The adrenal glands are a pair of glands situated above the kidneys. Their chief role is the production of specific hormones, which allow the body to respond to stress, regulate the amount of salt and water in the body, as well as the development of adult bodily characteristics such as hair growth and body shape.
Adrenal nodules occur in 5% of the population. Within this group, most cases are non-cancerous and do not secrete any hormones.
The adrenal gland may need to be removed if:
Adrenal nodules can be evaluated either by a Computed Tomography scan or a Magnetic Resonance Imaging scan. Subsequently, depending on the patient's presentations and scan findings, blood and urine tests may be taken over 24 hours to test for excess amounts of adrenal hormones. Other laboratory studies may be obtained depending on individual patient findings.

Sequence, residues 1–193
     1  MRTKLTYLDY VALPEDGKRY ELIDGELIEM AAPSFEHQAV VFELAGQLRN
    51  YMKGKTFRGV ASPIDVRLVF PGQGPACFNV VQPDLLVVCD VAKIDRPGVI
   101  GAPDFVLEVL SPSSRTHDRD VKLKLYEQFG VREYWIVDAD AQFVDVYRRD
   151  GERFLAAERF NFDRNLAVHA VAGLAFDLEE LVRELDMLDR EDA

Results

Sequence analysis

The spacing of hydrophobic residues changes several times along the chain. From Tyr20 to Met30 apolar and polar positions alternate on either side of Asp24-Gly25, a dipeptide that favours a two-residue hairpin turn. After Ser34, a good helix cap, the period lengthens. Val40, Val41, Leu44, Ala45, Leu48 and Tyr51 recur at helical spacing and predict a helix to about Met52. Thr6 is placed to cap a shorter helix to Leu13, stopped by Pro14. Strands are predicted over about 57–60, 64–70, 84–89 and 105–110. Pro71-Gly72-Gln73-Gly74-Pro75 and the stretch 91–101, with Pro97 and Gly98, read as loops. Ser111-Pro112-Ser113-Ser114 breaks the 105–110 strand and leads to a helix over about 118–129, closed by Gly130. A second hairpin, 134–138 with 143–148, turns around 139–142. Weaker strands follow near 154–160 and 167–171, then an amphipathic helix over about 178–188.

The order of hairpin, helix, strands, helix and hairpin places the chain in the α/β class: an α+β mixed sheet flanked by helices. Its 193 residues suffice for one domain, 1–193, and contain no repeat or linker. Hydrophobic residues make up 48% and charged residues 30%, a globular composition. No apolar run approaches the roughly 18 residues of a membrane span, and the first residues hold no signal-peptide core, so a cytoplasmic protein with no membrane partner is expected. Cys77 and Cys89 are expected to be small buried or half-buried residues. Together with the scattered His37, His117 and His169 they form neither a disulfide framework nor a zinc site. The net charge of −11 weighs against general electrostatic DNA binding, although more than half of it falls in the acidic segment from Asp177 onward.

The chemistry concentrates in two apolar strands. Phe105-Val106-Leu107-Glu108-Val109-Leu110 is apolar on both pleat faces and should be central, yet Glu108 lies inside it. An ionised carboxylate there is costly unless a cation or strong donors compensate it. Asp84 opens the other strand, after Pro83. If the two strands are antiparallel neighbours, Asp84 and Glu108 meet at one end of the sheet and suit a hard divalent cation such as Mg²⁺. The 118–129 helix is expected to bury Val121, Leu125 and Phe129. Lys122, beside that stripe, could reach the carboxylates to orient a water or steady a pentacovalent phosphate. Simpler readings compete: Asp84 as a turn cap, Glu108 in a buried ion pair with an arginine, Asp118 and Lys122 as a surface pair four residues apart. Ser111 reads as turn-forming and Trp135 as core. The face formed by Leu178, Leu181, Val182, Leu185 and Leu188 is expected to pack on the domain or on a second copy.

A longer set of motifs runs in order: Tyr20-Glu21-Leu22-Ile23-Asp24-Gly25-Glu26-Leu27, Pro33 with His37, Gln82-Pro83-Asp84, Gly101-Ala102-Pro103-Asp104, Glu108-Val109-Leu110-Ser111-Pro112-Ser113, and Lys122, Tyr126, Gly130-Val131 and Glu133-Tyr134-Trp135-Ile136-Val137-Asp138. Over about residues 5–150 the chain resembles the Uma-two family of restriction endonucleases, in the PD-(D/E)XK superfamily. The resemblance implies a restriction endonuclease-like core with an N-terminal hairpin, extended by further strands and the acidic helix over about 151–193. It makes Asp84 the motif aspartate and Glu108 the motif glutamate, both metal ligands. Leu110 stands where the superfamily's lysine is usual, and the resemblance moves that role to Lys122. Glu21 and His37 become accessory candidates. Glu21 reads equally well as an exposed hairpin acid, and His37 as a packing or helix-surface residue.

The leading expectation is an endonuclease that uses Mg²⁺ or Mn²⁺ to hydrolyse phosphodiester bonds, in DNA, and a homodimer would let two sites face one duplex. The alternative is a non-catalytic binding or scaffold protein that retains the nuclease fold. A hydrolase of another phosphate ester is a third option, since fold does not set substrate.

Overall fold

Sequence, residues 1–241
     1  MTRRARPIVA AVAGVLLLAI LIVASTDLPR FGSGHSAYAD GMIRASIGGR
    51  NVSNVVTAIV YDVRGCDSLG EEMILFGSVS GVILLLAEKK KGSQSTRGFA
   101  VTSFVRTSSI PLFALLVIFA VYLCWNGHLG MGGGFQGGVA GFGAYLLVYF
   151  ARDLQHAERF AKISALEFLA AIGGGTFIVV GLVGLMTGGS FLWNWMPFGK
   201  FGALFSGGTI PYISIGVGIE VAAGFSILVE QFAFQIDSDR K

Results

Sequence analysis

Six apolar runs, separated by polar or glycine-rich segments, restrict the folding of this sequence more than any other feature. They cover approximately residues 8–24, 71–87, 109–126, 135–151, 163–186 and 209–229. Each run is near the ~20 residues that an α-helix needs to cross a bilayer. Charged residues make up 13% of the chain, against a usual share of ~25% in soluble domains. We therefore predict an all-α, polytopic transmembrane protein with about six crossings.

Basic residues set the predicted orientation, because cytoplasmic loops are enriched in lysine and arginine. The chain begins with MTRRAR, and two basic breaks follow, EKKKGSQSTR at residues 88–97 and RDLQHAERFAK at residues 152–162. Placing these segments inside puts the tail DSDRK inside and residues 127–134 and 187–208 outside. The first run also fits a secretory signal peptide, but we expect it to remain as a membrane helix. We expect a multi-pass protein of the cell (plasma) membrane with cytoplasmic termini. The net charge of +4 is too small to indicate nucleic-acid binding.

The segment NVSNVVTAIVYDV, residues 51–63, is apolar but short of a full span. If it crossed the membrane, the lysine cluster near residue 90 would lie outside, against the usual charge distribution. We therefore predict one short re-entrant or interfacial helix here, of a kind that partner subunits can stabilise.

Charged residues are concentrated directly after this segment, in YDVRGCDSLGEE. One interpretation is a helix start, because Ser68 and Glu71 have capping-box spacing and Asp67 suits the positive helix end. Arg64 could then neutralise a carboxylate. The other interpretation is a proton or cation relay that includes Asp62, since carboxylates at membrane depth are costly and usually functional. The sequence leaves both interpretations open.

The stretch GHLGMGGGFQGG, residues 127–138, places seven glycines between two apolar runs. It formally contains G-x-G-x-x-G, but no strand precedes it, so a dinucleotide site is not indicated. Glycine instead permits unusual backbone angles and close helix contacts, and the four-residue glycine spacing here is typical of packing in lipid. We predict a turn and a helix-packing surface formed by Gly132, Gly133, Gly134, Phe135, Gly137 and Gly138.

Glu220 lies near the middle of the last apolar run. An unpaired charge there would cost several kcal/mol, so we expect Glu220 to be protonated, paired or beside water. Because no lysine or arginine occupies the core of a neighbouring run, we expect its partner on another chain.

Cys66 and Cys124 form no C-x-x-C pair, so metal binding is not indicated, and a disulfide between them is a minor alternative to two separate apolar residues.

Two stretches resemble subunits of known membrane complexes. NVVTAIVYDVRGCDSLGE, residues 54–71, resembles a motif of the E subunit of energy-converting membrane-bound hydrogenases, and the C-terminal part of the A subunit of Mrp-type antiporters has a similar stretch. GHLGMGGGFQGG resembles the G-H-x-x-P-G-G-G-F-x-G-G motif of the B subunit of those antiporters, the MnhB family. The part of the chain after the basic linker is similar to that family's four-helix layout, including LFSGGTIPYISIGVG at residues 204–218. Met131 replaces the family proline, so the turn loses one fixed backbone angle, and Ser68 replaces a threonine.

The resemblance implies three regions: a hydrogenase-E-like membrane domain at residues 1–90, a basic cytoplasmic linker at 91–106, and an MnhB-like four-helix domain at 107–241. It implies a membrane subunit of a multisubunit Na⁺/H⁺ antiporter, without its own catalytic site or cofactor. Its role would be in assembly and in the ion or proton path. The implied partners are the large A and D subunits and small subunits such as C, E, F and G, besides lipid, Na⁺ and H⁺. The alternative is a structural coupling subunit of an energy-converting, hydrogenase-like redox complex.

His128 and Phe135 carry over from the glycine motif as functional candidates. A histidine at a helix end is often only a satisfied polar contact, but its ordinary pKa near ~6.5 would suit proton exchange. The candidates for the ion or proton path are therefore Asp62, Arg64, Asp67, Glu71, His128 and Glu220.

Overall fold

If there is evidence of excessive hormone secretion, further evaluation may be required to assess the type of hormone being produced and the source of the excess hormone production.
The treatment of adrenal nodules requires a multidisciplinary approach from different specialty services including the endocrinologist, radiologist and an experienced endocrine surgeon. Malignancy requires surgical intervention whenever possible. Other indications for the removal of the adrenal gland include excessive hormone secretion or a large tumour (more than 4cm in size).
Surgery can be done either via an open method (through a larger incision along the rib cage or the middle of the abdomen) or laparoscopically (three or four tiny incisions each about 1cm in length.) The choice of method depends on a number of factors, which include the size and type of the tumour.
Any operation involves some risk of:
The mortality rate of a laparoscopic adrenalectomy is about 0.3%, compared to an open adrenalectomy which has a mortality rate of 0.9% of cases.